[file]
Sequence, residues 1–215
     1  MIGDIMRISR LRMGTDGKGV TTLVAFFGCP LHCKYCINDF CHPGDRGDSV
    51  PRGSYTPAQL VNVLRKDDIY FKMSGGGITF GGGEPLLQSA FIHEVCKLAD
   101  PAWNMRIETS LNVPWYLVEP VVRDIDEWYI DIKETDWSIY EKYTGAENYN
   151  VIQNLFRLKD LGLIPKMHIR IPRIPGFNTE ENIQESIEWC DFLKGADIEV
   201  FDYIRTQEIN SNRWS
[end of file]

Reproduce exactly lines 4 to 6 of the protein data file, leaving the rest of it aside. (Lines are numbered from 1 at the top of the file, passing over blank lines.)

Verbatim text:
   101  PAWNMRIETS LNVPWYLVEP VVRDIDEWYI DIKETDWSIY EKYTGAENYN
   151  VIQNLFRLKD LGLIPKMHIR IPRIPGFNTE ENIQESIEWC DFLKGADIEV
   201  FDYIRTQEIN SNRWS